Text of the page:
Jersey Reflections: Vineland Connect

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Jersey Reflections


By Vince Farinaccio


A Columnist for the Grapevine


 
Charles Nordhoff’s grandfather of the same name and profession (as a writer) had connections to Vineland.
If seasoned readers were asked about Charles Nordhoff, they would likely explain that he was the co-author of the Bounty Trilogy, including the highly regarded Mutiny on the Bounty. But they would be partially correct because the renowned author’s grandfather, who was also named Charles, was a writer as well. Noted for his journalistic work that appeared a half century before his grandson’s writings, the elder Nordhoff also had an interesting connection to Vineland and helped promote the town in a most unique way.
Nordhoff was born in Germany in 1830, migrated with his family to the U.S. in 1835. Raised in Cincinnati, he entered the world of journalism by working at a Philadelphia newspaper but soon enlisted in the U.S. Navy. Following his life at sea, he returned to journalism, working at newspapers in Philadelphia, Indianapolis, and New York as an editor of Harpers between 1853 and 1861. According to online sources, he spent the next ten years at the New York Evening Post and the New York Tribune.
According to online sources, he spent the next ten years at the New York Evening Post and the New York Tribune.
In 1868, he purchased property in Vineland. Based on information from the Vineland Historical Magazine, Nordhoff bought a farm in Vineland in 1868 for his wife’s aunt and uncle and would visit here often enough to study the town’s early development. The results would later be published in one of his most recognized books.
Nordhoff’s early works dealt with his sea experiences. Afterward, he turned toward travel literature and political topics such as 1875’s Politics for Young Americans, a book that became a school text. In the same year, he produced his study The Communistic Societies of the United States, which would include his examination of Vineland.
In the Communistic Societies of the United States, Nordhoff credits Vineland’s success to Charles K. Landis’ refusal to raise the price of land in the town. “One… part of his plan appears to me to have been of extraordinary importance,” Nordhoff writes. “Though usually it is not mentioned in descriptions of Vineland. Mr. Landis established the price of his own uncultivated lands at twenty-five dollars per acre. At that price he sold to the first settler; and that price he did not increase for many years. Anyone could, within two or three years, buy wild land on the Vineland tract at twenty-five dollars per acre. This means that he did not speculate upon the improvements of the settlers. He gave to them the advantage of their labors. It resulted that many poor men bought, cleared, and planted places in Vineland on purpose to sell them, certain that they could, if they wished, buy more land at the same price of twenty-five dollars per acre which they originally paid.”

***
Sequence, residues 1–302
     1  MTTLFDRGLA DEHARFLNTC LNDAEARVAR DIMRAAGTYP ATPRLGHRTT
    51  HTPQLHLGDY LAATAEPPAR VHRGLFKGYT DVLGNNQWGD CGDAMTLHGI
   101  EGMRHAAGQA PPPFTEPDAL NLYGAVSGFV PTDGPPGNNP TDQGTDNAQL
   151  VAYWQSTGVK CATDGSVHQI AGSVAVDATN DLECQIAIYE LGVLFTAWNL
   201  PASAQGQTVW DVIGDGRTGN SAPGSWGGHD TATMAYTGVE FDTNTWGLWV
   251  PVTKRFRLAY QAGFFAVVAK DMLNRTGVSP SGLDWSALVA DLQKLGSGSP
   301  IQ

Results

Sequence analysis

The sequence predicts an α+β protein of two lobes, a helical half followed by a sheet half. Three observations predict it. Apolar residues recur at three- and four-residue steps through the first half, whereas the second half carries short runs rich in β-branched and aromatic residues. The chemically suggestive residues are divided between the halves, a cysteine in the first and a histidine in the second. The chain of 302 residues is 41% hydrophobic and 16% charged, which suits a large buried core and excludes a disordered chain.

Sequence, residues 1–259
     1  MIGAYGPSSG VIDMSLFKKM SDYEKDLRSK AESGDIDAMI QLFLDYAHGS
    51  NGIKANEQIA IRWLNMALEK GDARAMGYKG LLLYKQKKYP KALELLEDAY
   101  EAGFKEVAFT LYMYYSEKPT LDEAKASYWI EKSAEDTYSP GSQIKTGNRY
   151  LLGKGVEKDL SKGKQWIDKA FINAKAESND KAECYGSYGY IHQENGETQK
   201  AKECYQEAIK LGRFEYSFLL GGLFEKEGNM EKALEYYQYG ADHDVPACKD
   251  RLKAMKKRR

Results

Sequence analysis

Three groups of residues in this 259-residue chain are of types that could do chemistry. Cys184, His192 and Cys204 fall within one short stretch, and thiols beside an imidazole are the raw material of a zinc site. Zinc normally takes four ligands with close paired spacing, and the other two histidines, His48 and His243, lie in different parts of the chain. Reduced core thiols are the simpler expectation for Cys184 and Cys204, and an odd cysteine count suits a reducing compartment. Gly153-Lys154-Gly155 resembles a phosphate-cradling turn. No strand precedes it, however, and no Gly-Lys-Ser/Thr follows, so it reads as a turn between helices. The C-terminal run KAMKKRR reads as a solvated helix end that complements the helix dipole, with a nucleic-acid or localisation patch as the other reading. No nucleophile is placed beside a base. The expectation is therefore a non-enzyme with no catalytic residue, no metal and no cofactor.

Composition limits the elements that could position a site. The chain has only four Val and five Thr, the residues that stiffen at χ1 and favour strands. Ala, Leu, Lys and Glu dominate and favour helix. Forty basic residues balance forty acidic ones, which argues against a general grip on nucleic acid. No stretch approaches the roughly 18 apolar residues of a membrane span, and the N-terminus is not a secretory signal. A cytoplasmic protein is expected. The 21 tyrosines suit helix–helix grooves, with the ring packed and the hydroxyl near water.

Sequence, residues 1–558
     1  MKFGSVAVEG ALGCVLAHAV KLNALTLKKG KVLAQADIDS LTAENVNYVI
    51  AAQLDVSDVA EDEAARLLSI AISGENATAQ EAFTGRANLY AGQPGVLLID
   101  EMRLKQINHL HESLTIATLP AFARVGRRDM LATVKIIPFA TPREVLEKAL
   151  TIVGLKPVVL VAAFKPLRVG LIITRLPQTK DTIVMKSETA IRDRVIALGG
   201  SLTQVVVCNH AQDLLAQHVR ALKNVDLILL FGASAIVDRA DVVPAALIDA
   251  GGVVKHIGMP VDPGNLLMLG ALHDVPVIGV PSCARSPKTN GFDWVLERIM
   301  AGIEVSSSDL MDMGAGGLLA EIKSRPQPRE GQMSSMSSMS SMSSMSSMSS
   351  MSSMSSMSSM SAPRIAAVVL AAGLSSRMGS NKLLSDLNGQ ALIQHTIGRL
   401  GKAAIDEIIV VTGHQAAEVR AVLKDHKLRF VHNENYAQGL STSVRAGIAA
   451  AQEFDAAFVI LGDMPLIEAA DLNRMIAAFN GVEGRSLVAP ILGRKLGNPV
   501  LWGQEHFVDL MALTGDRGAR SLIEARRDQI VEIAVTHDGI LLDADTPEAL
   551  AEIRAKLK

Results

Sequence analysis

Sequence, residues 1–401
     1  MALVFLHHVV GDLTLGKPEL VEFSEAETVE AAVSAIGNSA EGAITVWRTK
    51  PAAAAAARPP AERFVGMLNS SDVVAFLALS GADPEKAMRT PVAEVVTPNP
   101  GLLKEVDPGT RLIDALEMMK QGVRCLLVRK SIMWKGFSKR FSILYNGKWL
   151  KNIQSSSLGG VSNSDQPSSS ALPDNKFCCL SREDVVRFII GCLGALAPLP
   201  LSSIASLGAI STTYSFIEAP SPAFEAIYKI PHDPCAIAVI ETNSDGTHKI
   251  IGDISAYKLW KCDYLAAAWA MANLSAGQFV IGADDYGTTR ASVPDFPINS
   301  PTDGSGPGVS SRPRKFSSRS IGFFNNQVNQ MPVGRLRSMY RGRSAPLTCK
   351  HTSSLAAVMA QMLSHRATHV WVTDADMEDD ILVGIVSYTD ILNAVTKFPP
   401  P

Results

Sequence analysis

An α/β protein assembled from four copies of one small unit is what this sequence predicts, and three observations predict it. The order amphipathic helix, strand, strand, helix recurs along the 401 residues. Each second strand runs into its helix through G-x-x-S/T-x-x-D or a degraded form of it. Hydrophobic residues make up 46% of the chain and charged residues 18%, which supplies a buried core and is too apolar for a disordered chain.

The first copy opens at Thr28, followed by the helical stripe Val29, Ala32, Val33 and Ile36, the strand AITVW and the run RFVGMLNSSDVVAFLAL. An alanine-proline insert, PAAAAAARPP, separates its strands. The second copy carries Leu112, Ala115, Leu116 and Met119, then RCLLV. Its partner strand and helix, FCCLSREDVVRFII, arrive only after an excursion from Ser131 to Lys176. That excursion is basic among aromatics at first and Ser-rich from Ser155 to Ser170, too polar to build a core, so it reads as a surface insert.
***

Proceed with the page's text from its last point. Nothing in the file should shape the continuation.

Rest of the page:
The author contends that this is what led to the town’s longevity. “In my judgment,” he writes, “this feature of the Vineland enterprise, more than any other, changed it from a merely selfish speculation to one of a higher order, in which the settlers, to a large extent, have a common interest with the proprietor of the land. He might have done all the rest—might have laid out roads, proclaimed a "no fence" law, prevented the establishment of dram-shops, helped on educational and other enterprises — and still, had he raised the price of his wild lands as the settlers increased, he would have been a mere land speculator, and I doubt if his scheme would have obtained more than a very moderate and short-lived success.”
Familiar with the people of Vineland and its farming and industry, Nordhoff was able to evaluate the effects of Landis’ endeavors, concluding that “in twelve years, the founder of Vineland was able to collect upon his tract — which had not a single inhabitant in 1861— about eleven thousand people. Most of these have improved their condition in life materially by settling there. Many of them came without sufficient capital, and no doubt suffered from want in the early days of their Vineland life. But if they persevered, two or three years of effort made them comfortable. Meantime they had, what our American farmers have not in general, easy access to good schools for their children, to churches and an intelligent society, and the possibility of good laws regarding the sale of liquor.”

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